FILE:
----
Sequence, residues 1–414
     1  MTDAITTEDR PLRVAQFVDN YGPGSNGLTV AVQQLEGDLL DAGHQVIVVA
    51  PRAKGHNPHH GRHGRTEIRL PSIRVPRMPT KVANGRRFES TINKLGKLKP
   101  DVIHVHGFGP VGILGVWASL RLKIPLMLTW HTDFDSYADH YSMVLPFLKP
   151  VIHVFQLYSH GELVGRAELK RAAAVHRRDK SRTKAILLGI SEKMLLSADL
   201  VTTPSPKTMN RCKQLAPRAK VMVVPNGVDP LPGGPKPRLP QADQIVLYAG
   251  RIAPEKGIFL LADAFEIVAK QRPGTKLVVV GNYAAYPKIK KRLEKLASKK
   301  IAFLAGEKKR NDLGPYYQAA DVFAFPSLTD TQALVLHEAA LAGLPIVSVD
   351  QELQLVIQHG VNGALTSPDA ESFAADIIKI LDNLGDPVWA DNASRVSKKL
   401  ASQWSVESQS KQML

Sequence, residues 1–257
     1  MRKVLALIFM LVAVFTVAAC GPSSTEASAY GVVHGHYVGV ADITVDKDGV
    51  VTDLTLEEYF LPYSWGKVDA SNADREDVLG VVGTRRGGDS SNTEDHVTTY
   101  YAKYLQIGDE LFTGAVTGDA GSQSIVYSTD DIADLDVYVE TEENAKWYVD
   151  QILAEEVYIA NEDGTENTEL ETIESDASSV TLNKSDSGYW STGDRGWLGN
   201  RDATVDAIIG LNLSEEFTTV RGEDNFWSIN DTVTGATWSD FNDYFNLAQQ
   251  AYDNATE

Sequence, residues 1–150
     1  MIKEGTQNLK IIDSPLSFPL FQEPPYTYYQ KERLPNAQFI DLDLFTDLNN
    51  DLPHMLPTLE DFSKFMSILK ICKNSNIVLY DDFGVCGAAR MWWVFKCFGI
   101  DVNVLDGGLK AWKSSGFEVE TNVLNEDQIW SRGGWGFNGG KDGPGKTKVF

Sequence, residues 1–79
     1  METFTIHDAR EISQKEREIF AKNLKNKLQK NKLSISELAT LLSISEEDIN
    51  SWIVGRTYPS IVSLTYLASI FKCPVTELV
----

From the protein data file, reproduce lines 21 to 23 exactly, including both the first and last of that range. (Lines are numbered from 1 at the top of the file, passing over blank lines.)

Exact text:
   101  DVNVLDGGLK AWKSSGFEVE TNVLNEDQIW SRGGWGFNGG KDGPGKTKVF

Sequence, residues 1–79
     1  METFTIHDAR EISQKEREIF AKNLKNKLQK NKLSISELAT LLSISEEDIN